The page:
Vomit Vacuum? JR East Japan subsidiary develops vomit vacuum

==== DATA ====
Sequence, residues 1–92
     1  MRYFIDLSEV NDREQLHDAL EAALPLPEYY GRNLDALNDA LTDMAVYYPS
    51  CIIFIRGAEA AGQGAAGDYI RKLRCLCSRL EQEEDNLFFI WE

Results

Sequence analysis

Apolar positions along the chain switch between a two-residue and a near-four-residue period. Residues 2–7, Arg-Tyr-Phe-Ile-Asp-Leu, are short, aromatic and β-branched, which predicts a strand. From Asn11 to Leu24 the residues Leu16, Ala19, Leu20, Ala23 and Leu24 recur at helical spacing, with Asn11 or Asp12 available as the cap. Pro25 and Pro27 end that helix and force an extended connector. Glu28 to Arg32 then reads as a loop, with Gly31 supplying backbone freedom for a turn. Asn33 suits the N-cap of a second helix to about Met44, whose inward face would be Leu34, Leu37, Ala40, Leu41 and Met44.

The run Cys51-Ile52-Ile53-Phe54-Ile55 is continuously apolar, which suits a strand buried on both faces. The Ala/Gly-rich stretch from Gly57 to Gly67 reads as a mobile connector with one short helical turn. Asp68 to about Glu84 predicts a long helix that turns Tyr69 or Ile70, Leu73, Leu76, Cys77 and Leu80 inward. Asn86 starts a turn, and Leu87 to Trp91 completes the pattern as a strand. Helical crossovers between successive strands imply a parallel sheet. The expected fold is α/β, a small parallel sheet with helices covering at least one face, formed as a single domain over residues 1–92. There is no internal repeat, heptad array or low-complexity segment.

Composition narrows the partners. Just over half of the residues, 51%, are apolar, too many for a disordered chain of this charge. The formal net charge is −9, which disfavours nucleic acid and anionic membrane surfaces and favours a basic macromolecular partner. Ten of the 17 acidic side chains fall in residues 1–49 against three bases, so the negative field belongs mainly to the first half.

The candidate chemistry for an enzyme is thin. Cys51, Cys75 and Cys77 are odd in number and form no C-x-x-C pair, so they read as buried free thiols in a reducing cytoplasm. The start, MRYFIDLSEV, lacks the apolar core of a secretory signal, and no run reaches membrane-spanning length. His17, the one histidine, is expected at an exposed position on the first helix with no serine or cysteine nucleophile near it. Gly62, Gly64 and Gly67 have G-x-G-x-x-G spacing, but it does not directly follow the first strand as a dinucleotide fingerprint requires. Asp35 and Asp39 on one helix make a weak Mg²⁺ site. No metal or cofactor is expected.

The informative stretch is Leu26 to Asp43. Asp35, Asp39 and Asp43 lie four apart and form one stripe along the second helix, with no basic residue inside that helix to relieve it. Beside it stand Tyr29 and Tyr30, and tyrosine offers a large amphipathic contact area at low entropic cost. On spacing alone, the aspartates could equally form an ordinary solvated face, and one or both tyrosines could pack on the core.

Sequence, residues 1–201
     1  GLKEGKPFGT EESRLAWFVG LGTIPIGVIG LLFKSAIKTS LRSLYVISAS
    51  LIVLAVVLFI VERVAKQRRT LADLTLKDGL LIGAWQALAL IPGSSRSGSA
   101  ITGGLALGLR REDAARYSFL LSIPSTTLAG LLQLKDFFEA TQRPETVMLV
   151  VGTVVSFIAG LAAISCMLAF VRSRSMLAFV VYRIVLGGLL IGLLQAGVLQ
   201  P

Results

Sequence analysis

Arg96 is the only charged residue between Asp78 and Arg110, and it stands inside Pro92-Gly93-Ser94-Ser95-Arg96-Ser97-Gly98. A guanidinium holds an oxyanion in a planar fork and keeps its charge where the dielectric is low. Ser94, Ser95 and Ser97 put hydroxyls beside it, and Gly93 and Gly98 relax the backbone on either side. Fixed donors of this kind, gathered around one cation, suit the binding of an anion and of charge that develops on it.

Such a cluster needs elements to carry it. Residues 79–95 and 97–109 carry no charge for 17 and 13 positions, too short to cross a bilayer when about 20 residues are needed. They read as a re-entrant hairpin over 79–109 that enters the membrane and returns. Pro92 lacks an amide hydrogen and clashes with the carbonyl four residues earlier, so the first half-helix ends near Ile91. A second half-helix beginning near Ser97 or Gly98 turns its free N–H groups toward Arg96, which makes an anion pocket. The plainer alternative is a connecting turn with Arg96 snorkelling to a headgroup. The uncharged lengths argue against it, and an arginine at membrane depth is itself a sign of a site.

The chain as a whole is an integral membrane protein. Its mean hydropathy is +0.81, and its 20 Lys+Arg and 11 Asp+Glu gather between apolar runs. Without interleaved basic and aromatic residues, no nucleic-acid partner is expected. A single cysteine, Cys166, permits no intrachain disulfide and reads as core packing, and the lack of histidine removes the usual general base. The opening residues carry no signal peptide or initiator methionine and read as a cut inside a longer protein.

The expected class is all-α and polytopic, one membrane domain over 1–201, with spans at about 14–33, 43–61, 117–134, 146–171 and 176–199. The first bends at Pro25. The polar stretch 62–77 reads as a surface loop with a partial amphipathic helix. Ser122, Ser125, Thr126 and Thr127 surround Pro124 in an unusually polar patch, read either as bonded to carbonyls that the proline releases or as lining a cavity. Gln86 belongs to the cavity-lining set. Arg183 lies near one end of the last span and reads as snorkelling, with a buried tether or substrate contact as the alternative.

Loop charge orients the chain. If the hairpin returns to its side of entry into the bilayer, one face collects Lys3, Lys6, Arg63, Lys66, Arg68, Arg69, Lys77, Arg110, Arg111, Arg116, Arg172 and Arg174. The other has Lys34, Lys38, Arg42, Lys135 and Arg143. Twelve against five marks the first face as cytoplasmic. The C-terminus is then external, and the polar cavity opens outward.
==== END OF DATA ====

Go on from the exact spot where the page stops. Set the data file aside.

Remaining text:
JR East Environment Access Co., a subsidiary of East Japan Railway Co. (JR East), has developed a special vacuum cleaner that collects passengers’ vomit on train platforms and other areas in stations. The company, which cleans stations operated by JR East, among other locations, said it will provide the vacuums to stations by the end of this year when the number of drunk passengers increases. By providing the vacuums, it aims to improve work conditions for employees. According to JR East Environment, 20 piles of vomit are found per day on average at Shinagawa Station in Tokyo, with the average rising to 50 on Fridays. The number further increases during the period in which year-end and New Year’s parties are held. On one night, more than 100 piles of vomit were found at Shin-Okubo Station. To clean vomit, company staff currently scatter sawdust and a paper coagulant before scooping up the contents with a broom and dustpan. A company official described the process as “one of the toughest tasks” as employees are at risk of contracting infectious diseases from the vomit, such as norovirus. They must also cope with unpleasant sights and nauseating smells. The vacuum was jointly developed with a Tokyo-based maker of environmental devices. The machine directly sucks in vomit and stores it in an encased plastic bag. By using the vacuum, staff can cleanly remove vomit and save time. The company plans to sell the vacuums to other businesses that operate public areas, such as restaurants and airports.